2017

2017
Third week of Advent

Introduction:

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Current: Danbury, CT, United States
Welcome! A few years ago, I discovered an application that artists employ in their works to bring cultural awareness to their audiences. Having discerned this semiotic theory that applies to literature, music, art, film, and the media, I have devoted the blog, "Theory of Iconic Realism" to explore this theory. The link to the publisher of my book is below. If you or your university would like a copy of this book for your library or if you would like to review it for a scholarly journal, please contact the Edwin Mellen Press at the link listed below. Looking forward to hearing from you!

20 June, 2016

Sydney Owenson (Lady Morgan): Revolutionary



Sydney Owenson sheds light on the status of the common man and woman in mid-nineteenth century Ireland and incorporates semiotic structures within her works to communicate with her readers the various discrepancies in legislation, particularly the Act of Union 1801, decades after its enactment. Although inequity in governmental legislation exists internationally, by 1825, the imbalance within the legislative structures is unacceptable to intelligent women associated with the British or the Irish aristocracy along with the increasing numbers of female writers and readers.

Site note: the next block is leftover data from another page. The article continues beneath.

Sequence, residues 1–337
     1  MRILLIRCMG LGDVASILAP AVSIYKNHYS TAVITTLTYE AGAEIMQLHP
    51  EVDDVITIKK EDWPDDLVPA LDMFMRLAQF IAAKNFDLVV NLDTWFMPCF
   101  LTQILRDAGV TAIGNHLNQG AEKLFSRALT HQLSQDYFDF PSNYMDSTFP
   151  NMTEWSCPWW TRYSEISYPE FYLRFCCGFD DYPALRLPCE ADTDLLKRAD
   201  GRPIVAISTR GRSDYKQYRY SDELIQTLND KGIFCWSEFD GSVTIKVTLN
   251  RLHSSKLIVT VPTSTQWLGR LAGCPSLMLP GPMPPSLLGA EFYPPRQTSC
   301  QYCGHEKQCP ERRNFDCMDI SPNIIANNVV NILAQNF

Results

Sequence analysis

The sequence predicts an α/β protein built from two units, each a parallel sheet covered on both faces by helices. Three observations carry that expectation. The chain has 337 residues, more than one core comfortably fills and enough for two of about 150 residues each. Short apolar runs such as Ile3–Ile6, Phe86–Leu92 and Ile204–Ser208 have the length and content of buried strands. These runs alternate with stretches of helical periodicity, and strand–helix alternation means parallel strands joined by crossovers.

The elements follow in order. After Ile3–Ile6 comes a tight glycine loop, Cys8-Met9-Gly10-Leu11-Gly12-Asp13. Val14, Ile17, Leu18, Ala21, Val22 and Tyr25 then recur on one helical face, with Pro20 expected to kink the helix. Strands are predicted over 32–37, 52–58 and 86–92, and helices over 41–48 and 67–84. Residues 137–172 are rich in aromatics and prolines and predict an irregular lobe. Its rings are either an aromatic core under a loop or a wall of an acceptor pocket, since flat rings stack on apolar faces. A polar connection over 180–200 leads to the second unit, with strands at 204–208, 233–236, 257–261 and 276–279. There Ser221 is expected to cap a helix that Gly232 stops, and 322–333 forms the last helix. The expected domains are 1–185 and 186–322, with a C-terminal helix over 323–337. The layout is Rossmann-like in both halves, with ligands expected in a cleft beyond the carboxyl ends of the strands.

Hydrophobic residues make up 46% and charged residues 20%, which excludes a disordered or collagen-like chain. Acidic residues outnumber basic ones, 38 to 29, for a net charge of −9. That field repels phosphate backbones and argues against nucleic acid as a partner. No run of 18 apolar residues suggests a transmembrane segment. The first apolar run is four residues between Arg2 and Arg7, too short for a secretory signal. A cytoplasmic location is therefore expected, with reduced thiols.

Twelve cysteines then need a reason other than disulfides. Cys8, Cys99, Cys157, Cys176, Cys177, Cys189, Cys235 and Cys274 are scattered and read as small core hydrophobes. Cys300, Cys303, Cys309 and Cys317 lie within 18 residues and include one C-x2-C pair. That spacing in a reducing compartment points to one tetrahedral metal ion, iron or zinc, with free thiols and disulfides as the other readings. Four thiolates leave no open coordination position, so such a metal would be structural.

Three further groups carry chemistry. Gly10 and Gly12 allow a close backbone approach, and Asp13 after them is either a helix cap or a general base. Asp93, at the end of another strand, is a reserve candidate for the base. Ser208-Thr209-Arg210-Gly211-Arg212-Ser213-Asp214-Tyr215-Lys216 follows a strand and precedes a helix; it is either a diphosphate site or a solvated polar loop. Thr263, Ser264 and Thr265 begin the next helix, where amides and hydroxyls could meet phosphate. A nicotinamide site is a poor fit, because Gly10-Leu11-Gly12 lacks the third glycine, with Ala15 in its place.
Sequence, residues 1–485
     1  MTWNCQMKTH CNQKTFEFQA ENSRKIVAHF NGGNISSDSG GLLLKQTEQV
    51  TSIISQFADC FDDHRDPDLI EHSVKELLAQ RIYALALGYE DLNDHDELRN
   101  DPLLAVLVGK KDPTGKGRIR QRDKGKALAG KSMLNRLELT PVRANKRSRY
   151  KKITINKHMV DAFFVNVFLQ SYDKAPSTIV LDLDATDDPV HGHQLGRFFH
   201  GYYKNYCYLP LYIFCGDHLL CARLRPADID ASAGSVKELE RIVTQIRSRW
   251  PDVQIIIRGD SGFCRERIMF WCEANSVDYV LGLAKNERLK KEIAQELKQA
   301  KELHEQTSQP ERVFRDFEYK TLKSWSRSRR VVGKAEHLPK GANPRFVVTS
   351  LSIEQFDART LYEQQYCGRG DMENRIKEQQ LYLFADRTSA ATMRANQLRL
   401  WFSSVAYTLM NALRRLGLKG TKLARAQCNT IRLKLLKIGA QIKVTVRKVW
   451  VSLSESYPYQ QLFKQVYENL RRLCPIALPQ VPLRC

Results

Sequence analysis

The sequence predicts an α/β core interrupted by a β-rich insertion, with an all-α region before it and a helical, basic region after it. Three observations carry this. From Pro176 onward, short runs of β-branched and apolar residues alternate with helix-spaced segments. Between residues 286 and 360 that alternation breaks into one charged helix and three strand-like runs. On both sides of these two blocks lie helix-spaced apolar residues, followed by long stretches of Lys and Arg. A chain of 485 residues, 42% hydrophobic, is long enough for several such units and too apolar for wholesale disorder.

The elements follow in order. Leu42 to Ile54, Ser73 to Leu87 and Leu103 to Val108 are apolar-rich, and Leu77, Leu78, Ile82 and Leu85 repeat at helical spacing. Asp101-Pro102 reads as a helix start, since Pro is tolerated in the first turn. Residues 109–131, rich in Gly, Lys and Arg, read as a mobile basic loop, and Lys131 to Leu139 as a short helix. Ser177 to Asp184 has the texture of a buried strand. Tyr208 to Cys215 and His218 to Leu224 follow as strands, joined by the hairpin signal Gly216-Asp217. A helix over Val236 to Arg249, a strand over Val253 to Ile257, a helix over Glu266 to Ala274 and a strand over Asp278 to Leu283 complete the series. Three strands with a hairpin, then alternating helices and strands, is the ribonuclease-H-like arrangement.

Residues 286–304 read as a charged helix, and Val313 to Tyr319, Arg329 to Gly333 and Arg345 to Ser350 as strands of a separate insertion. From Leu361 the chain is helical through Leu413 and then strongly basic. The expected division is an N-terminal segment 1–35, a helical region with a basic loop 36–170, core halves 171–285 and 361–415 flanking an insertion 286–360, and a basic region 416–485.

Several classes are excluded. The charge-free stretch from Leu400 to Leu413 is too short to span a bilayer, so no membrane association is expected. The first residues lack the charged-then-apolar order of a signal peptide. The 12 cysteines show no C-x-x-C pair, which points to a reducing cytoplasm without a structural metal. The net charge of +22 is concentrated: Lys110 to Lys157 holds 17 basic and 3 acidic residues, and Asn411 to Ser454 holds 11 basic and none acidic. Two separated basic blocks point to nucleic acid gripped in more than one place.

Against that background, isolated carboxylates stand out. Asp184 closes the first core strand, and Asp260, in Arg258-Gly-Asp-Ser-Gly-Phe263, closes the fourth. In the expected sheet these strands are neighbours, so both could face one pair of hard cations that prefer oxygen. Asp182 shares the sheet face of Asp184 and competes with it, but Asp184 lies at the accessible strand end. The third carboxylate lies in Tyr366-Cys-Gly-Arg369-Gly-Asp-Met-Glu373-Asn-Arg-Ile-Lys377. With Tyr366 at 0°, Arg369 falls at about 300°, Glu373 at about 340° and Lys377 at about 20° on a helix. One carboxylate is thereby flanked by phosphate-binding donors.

For example, in the preface of her essay entitled, Absenteeism, she highlights the need for both the English and the Irish to be mindful of their patriotic responsibilities:

Notwithstanding the intense interest which is felt throughout all England concerning Ireland and Irish affairs, notwithstanding the frequent debates in parliament, and more frequent pamphlets and volumes published on points of Irish politics and oeconomy, the prevailing ignorance on these subjects still operates powerfully in maintaining prejudices the most unfounded and the most fatal, and in retarding those measures of wisdom and of justice without which Ireland can never be happy; or the British Empire secure. [1]



In this statement, Owenson demonstrates commonality between the authority, England, and the respective community of Ireland, as she begins with the phrase, ‘notwithstanding the intense interest which is felt…’ Thus, she engages in the use of negative phraseology linked with passive voice to unite the divergent intentions of England and Ireland.


[1] Sydney Owenson (Lady Morgan), Absenteeism, (London: Henry Colburn, 1825) pp. ix and x. For future reference within this study, the work will be cited as Abs.